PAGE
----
Cablegate: Profile of a Nigerian Sex Trafficking Ring

This record is a partial extract of the original cable. The full text of the original cable is not available.





E.O. 12958: N/A

1.(SBU/NF) A key prosecution witness in the case of 33
trafficked Nigerian girls and women rescued in Conakry,
Guinea in July 2001 approached the Embassy for assistance and
was debriefed by the RSO and RNLEO. The witness, a resident
of Benin City, Edo State, is married to a German woman and
until August 2001 was living and working as a taxi driver in

2.(SBU/NF) The witness explained that his cousin from Benin
City, who had always represented himself as a shoe salesman,
had invited the witness to visit Conakry, where the cousin
often traveled. Upon arrival in Conakry in early 2001, the
witness did not find his cousin but decided to make ends meet
by working as a taxi driver while waiting for his cousin to
arrive. He never met his cousin in Conakry but he stumbled
upon the cousin's true profession.

3.(SBU/NF) While working in Conakry, the witness met a number
of Nigerian women who had been trafficked previously but were
now on their own in Guinea. Some identified his cousin as a
major trafficker of girls and women from Edo State, Nigeria
to Spain and Italy. From talking to Nigerian women in
Conakry, the witness learned of a large group of Nigerian
girls and women who were being detained in a Conakry house by
a ring of Nigerian traffickers. Some of the girls were as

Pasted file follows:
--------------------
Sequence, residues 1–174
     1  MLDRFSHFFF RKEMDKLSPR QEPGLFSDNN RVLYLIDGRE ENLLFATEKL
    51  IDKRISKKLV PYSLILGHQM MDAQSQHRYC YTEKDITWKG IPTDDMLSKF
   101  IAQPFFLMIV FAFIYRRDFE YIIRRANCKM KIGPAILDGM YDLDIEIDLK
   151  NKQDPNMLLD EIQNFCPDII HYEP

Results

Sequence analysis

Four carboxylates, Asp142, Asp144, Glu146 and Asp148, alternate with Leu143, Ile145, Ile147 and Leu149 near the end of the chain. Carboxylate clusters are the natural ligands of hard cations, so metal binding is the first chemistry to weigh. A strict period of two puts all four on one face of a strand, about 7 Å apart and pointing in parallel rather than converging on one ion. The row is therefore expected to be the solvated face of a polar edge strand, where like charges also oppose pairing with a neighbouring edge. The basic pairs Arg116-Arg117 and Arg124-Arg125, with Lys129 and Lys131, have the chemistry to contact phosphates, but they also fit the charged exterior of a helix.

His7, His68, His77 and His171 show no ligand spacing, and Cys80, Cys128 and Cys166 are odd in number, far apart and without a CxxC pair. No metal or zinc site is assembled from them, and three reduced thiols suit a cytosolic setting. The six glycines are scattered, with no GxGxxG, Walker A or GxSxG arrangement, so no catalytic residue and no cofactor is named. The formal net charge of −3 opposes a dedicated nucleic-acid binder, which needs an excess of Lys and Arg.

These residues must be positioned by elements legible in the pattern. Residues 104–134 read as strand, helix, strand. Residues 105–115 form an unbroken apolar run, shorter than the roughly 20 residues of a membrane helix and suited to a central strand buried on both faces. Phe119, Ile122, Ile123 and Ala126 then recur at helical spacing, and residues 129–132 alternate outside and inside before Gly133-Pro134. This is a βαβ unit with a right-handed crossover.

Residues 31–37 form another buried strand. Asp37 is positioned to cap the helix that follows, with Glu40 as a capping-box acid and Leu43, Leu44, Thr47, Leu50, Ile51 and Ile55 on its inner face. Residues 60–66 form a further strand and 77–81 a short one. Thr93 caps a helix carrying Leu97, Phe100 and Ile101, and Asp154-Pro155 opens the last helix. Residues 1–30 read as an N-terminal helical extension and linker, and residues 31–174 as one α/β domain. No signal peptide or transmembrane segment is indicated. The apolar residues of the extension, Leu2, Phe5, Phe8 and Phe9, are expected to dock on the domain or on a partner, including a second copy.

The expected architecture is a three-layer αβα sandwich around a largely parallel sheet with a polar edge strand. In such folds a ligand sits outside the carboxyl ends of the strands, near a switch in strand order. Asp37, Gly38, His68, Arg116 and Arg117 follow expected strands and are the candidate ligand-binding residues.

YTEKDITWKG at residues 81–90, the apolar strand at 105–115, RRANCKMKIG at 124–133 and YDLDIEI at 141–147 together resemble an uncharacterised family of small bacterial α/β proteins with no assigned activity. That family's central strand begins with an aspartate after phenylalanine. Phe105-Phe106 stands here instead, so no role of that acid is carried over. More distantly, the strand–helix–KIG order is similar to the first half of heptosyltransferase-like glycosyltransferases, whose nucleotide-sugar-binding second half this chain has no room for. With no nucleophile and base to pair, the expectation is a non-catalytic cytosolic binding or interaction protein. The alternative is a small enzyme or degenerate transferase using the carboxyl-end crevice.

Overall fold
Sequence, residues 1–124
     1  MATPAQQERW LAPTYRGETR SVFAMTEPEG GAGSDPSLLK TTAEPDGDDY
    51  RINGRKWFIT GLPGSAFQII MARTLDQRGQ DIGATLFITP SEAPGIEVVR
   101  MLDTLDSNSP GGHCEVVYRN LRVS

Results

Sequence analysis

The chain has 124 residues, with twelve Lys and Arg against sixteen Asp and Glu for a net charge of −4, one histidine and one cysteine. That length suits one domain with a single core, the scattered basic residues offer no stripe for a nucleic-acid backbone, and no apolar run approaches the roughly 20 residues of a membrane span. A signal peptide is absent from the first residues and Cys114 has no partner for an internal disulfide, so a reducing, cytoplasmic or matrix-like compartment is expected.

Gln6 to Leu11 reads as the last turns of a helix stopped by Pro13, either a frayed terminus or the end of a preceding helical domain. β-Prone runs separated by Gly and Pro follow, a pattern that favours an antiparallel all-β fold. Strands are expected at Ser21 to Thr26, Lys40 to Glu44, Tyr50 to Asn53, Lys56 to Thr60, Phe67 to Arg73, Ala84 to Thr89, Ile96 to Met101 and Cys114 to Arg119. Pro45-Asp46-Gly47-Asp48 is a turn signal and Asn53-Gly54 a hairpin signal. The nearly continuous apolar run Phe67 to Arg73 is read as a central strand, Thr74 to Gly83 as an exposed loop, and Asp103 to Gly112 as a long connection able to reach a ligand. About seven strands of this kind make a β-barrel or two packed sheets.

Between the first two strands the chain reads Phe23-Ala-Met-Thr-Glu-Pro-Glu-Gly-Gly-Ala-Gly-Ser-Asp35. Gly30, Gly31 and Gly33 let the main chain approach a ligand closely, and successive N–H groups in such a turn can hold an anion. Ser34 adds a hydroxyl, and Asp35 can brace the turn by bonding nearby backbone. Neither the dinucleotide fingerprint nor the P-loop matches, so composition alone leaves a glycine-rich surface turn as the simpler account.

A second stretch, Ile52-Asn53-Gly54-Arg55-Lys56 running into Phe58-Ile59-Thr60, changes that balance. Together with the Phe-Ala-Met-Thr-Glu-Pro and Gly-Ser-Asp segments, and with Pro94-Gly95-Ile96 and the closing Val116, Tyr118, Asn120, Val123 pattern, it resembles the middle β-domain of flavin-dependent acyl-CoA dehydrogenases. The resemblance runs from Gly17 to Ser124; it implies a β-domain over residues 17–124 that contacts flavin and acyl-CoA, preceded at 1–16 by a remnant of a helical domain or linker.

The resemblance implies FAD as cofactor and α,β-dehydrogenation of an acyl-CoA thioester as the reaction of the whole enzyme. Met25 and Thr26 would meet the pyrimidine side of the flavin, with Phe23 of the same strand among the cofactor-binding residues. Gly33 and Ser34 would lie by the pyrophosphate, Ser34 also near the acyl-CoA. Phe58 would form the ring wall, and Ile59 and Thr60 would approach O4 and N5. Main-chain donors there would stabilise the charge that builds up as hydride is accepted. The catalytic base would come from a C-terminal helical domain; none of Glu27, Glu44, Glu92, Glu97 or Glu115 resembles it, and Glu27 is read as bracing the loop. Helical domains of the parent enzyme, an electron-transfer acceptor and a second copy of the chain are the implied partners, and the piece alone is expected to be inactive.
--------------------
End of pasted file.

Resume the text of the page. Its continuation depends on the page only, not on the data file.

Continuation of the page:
young as 13. After notifying the Nigerian Embassy in
Conakry, he and the Nigerian Embassy were able to orchestrate
a Guinean police raid of the house, and 33 girls and women
were found. They had been detained there for several weeks.
15 Nigerian traffickers, including a former Police
Commissioner of Edo State, were arrested and later extradited
to Nigeria, where they now face trial (in which the witness
will play a key role).

4.(SBU/NF) The witness was flown out of Conakry with the
rescued trafficking victims aboard a Nigerian Air Force plane
on August 17. The witness helped Guinean police interview
the trafficked victims immediately after their rescue and he
also helped with interrogations of the traffickers arrested
and later (November 2001) extradited to Nigeria. The witness
has now become an essential part of the Federal Government's
prosecution of the 15 traffickers; he has been declared a
"protected witness" by the Special Assistant to the President
for Human Trafficking and Child Labor, Mike Mku, though that
protection has been weak at best.

5.(SBU/NF) Unfortunately, though this case received President
Obasanjo's personal attention, a lack of federal resources
for the protection of trafficking victims resulted in the